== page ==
The Central Arkansas Library System is getting ready to pay homage to the 5,526 Black men who escaped enslavement and joined the Union army to fight for their freedom during the Civil War.
CALS is looking for an artist to create a memorial statute for the Arkansas men who served in the United States Colored Troops. It will join four other monuments in Arkansas that honor Union soldiers including the Minnesota Monument at the Little Rock National Cemetery.
About 160 Minnesota soldiers died while serving in Arkansas and 36 are buried at that cemetery, according to the library's Encyclopedia of Arkansas. The Minnesota Monument is a sculptural statue. The other monuments -- all stone pillars -- are in Gentry, Siloam Springs and Judsonia.
In 2013, the first and only monument honoring Black Union soldiers in Arkansas was erected in Freedom Park in Helena-West Helena.
Bobby Roberts, the longtime executive director of the library system who retired in 2016, was the spearhead behind the idea of creating a monument honoring the Black soldiers.
"For a long time, several of us have felt that there needs to be something for the Arkansans who fought for the Union during the Civil War. There's between 20-25 Confederate monuments scattered around the state but there is really only one sculptural statue honoring the Union," Mark Christ, head of adult programming at the library and a Civil War historian, says of the Minnesota Monument.
Earlier this year, the library system announced it was seeking requests for qualifications from artists to build the monument that will be located somewhere in Library Square -- an area that includes the Main Library, the Bobby L. Roberts Library of Arkansas History & Art and the Ron Robinson Theater.
The library expects to spend a minimum of $150,000 for the project. The budget may increase through private fundraising and grant requests.
"We feel like it is past time for the Union soldiers to be honored," Christ says. "There were 10,000 white and 5,526 Black Arkansans who served in the [Union army] in the Civil War. The Black regiments weren't raised [called into service] until 1863 after the Emancipation Proclamation was passed.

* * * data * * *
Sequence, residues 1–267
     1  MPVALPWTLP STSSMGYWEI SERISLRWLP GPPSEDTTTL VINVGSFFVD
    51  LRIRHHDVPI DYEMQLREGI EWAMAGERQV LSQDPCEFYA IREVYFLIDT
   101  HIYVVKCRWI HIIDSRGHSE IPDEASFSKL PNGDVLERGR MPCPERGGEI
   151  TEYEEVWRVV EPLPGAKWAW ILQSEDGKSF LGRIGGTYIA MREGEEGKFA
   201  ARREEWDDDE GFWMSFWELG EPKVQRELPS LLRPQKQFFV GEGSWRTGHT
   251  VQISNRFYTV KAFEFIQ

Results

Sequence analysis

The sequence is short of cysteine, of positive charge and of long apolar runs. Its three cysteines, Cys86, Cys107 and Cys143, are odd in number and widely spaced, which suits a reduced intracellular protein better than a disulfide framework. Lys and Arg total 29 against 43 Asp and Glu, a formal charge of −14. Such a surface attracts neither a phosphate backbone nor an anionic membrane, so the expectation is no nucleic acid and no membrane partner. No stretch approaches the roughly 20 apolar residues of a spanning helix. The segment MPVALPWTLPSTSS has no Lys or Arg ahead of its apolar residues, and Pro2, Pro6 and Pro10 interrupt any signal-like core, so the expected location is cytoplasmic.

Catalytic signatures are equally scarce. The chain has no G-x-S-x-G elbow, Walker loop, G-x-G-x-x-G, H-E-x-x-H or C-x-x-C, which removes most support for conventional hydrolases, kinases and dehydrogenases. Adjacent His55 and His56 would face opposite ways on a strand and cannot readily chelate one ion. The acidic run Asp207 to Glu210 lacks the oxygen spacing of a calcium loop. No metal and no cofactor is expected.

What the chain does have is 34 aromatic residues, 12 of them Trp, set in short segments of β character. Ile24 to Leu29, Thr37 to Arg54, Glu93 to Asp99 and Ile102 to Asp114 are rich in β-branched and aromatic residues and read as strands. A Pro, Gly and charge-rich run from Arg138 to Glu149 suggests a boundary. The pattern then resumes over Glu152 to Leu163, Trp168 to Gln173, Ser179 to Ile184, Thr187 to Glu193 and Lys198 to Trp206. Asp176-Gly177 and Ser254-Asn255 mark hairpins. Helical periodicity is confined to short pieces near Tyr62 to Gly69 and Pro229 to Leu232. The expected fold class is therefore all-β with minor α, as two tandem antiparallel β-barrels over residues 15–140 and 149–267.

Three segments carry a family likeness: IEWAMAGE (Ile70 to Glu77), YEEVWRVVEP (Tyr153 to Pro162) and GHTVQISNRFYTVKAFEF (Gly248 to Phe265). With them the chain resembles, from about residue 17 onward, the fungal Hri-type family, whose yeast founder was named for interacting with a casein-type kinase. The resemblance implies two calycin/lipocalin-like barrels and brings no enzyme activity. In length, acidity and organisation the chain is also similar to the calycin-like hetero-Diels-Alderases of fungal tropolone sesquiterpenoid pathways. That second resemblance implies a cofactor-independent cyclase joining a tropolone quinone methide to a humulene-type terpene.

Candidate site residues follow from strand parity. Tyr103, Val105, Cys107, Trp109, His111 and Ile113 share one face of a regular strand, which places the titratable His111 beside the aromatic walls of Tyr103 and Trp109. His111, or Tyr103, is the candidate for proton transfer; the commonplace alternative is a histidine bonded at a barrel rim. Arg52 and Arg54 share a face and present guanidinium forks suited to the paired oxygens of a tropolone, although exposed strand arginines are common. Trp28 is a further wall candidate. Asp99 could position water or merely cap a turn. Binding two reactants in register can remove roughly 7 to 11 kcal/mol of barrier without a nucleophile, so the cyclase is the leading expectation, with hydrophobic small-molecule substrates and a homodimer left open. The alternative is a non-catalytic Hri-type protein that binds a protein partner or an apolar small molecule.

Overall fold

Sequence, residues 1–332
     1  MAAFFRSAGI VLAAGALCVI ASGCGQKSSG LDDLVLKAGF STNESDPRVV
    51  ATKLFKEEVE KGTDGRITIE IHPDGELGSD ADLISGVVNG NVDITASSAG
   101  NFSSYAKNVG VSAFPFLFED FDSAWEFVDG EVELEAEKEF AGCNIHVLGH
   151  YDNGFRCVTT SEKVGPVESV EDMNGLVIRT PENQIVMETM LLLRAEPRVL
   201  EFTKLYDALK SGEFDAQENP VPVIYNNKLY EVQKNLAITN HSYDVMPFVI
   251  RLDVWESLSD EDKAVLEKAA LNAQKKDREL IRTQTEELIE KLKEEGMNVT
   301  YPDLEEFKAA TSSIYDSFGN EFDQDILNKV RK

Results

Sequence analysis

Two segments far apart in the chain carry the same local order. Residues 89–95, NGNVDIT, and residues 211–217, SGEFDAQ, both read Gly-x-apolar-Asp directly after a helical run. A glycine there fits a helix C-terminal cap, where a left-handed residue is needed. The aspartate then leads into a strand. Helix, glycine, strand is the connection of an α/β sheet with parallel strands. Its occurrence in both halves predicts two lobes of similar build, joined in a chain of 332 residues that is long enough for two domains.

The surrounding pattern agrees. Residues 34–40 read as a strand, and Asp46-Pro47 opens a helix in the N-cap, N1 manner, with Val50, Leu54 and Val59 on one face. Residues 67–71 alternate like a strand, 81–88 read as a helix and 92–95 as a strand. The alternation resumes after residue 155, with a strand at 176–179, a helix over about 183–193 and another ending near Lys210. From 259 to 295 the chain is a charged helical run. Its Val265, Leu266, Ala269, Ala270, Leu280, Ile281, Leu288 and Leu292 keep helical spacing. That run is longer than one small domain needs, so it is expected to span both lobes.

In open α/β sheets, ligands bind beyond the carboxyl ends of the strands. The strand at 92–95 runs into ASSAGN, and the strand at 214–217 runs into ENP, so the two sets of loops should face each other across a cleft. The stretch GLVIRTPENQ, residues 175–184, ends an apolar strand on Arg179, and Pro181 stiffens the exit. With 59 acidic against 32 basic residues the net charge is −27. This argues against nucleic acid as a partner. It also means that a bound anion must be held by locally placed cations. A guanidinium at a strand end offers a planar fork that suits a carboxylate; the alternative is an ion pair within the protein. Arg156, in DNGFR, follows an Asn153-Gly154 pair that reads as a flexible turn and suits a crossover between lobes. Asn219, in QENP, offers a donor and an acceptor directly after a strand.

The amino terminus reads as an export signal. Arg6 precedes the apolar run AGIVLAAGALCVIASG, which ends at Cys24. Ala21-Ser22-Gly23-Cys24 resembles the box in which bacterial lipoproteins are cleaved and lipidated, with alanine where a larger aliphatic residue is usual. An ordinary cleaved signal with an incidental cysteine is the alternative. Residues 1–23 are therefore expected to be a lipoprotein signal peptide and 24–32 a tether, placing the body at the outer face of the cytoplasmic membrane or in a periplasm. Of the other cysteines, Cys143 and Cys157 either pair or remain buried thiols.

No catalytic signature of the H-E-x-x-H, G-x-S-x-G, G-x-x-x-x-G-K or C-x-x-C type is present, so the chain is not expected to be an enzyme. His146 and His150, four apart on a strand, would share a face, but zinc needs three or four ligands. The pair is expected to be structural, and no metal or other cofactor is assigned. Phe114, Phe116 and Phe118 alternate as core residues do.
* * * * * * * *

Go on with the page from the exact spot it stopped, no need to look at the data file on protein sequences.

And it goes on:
"The Union saw a great source of manpower that was not being utilized so they started raising those units. In Arkansas there were eight units of infantry and two artillery batteries that were raised."
Christ says nationwide 185,000 soldiers fought in U.S. Colored Troop units and another 18,000 Black men served in the U.S. Navy. More than 68,000 of those men died in service -- mainly from disease. The Black soldiers fought in 449 Civil War engagements including 39 major battles.
The Union monument will go up as Civil War monuments are being taken down across the nation.
"I am sure there will be some people who don't agree with us having this memorial, possibly because it's memorializing African American troops, possibly because it is memorializing Union troops," says Tameka Lee, the library's communications director. "But there is a sadness in our hearts. As a person who is African American -- and there are millions of us living in Southern states -- this is the counterpoint to that. This is something where there's a sense of pride.
"It does seem like we are at a point where it is time to honor those who did serve and I am sure to serve and fight for their own freedom which I think is something that gets lost in the narrative of the African American experience," she says.
Christ points out that Black soldiers served in the American Revolution and in the War of 1812.
"It was in the early 19th century that the War Department passed a rule that Blacks would not be allowed into the Army," Christ says. "And that stood there for about 50 years or so until the Civil War started."
Currently around 20 Black soldier memorial statues exist in 13 states and Washington, D.C., including six in Confederate states, Christ says.
The Central Arkansas Library System's main library is about to undergo a major renovation that is expected to be completed sometime in 2025. Both Christ and Lee hope the monument is completed by then -- but that is only a wish.
"That would be pretty excellent timing, but I don't really know if we can say for sure," Lee says.
The existence of art at public libraries is nothing new. When what was then called the Little Rock Public Library opened in 1910, no art museums existed in the capital city. So the library became the default custodian of works of art. The library's first significant piece of exterior art -- the statue of Icarus and Daedalus that is now in the garden at the Main Library -- was donated by Raymond Rebsamen in the 1960s. Today about 15 pieces of exterior art are located at the library's branches.
The Central Arkansas Library System welcomes private donations that can be earmarked for this project. For more information on how to contribute go to cals.org/giving. The deadline for artist applications is April 30. To learn more go to cals.org/news/cals-seeks-rfq-from-artists.
CORRECTION: Tameka Lee, the library's communications director said, "That would be pretty excellent timing, but I don't really know if we can say for sure" when asked about the monument being completed by 2025. She was misquoted in an earlier version of this article.